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Petr Pavel signed a law to spend at least two percent of GDP on defense

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The Czech Republic is now legally required to allocate a minimum of two percent of its gross domestic product (GDP) to defense expenditure annually. President Petr Pavel signed the government’s draft today, which not only reinforces defense spending but also ensures stable funding for costly defense projects aimed at modernizing the armed forces. The signing took place at the Castle, and the announcement was made accordingly.

The Czech Republic has repeatedly committed itself politically to increase defense spending to at least two percent of GDP within the framework of the North Atlantic Treaty Organization (NATO). The law will come into effect in July and will, therefore, be applicable to the proposed state budget for the following year. This law mandates the cabinet to allocate a minimum of two percent of the country’s gross domestic product to defense spending in the budget proposal.

As stated in the explanatory memorandum, the defense ministry’s revenues should increase by approximately 21.5 billion Czech crowns compared to the medium-term budget outlook of 2004. Current plans anticipate defense expenditure of 130 billion Czech crowns. During the NATO summit in Vilnius in July, Secretary-General Jens Stoltenberg aims to propose that the current target of two percent of GDP for defense spending should not be regarded as a maximum limit but as a minimum threshold from which countries’ budgets should be based.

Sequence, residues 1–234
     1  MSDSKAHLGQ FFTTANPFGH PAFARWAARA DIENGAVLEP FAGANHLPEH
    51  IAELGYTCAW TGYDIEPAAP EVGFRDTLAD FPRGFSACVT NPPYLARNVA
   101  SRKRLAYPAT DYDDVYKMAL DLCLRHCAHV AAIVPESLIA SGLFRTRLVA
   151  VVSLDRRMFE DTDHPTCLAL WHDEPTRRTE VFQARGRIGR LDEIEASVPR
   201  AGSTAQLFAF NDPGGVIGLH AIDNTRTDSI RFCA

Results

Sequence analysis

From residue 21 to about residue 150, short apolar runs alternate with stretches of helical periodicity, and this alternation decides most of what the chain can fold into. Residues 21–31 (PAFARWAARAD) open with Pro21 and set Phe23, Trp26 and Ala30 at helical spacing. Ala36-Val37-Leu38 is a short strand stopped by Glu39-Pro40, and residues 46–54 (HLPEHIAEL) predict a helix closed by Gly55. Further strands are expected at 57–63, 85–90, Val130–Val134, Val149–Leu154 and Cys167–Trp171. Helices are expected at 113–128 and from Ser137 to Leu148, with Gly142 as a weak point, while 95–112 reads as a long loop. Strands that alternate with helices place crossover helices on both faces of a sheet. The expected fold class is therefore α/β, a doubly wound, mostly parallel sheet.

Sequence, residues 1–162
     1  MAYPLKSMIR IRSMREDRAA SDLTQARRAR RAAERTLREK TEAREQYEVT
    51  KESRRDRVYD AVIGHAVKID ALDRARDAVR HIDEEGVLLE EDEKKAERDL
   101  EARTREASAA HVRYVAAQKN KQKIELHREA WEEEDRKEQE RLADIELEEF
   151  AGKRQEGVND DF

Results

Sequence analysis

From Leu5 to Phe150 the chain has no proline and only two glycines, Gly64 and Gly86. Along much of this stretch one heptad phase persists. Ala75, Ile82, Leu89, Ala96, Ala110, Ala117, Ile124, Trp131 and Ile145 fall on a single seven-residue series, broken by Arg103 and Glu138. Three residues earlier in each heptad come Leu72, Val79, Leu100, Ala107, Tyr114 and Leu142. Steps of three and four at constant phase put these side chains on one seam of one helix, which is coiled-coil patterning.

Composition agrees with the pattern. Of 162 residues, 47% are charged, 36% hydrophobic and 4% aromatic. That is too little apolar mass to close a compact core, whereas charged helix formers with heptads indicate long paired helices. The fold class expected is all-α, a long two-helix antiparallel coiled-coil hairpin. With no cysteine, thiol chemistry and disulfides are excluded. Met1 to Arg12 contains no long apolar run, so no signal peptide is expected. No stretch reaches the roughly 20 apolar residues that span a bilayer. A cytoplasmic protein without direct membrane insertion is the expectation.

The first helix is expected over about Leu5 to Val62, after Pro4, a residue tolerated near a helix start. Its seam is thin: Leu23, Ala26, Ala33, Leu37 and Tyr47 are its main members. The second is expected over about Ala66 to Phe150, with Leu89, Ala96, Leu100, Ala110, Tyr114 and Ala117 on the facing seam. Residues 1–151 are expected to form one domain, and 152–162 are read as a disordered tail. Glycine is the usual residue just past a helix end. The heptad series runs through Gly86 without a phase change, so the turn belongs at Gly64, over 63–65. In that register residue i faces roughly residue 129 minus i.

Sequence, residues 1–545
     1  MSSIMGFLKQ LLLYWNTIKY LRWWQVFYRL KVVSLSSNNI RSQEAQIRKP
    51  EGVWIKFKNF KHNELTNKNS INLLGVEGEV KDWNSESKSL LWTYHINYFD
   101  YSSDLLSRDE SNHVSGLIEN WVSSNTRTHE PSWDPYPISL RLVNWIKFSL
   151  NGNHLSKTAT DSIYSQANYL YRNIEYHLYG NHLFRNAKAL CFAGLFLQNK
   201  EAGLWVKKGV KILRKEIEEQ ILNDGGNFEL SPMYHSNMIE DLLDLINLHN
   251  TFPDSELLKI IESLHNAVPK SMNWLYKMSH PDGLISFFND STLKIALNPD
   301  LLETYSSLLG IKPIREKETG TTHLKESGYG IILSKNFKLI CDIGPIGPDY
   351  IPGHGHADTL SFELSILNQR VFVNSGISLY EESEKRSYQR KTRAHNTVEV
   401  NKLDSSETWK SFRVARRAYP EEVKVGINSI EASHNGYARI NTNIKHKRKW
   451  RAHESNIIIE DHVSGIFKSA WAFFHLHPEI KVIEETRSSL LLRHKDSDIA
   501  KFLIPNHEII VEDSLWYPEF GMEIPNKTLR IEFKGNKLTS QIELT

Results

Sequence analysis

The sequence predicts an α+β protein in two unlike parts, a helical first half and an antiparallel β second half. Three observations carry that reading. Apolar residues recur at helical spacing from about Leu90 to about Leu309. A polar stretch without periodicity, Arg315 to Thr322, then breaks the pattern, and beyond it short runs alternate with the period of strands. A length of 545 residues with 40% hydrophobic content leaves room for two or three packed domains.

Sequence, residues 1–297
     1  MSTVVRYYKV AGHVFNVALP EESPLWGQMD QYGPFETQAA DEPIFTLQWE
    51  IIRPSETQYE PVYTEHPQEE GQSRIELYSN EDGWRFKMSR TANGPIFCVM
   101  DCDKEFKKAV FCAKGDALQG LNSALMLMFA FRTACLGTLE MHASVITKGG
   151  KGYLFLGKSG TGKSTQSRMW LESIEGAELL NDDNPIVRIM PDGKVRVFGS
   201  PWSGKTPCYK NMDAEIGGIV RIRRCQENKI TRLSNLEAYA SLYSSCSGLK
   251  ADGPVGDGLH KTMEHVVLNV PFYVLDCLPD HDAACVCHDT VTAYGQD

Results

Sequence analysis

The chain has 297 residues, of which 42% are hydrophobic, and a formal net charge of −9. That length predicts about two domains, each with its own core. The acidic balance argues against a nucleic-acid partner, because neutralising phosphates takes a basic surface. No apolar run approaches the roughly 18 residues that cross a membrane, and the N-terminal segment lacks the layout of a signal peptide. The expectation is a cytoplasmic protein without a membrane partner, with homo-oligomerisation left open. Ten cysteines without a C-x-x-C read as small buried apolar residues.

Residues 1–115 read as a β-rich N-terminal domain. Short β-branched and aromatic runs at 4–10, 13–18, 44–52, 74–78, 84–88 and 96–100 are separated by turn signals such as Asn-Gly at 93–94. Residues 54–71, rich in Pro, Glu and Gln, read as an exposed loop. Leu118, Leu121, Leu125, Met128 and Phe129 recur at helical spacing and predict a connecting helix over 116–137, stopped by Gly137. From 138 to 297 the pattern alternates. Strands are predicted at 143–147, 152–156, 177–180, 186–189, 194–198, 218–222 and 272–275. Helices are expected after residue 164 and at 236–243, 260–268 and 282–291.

According to the draft, other ministries and agencies will also be able to contribute to the total defense spending. However, such expenditures must align with the definitions outlined in NATO documents. The law specifies that other ministries must inform the Ministry of Defense about their defense spending plans three years in advance, and these plans will be incorporated into the defense budget.

The draft introduces changes to the financing rules for significant multi-year projects that have a major impact on the country’s defense capabilities and cost more than 300 million Czech crowns. Decisions regarding these projects will be made by the cabinet. The Ministry of Defense will receive a combined budget for such projects each year and will be able to utilize the funds for individual projects in a more straightforward manner.

Furthermore, the law alters budget regulations, including the requirement for state-owned enterprises and the national enterprise Budějovický Budvar to maintain accounts subordinate to the state treasury. These accounts must be held in the Czech National Bank, but they can be opened elsewhere after obtaining approval from the Ministry of Finance.

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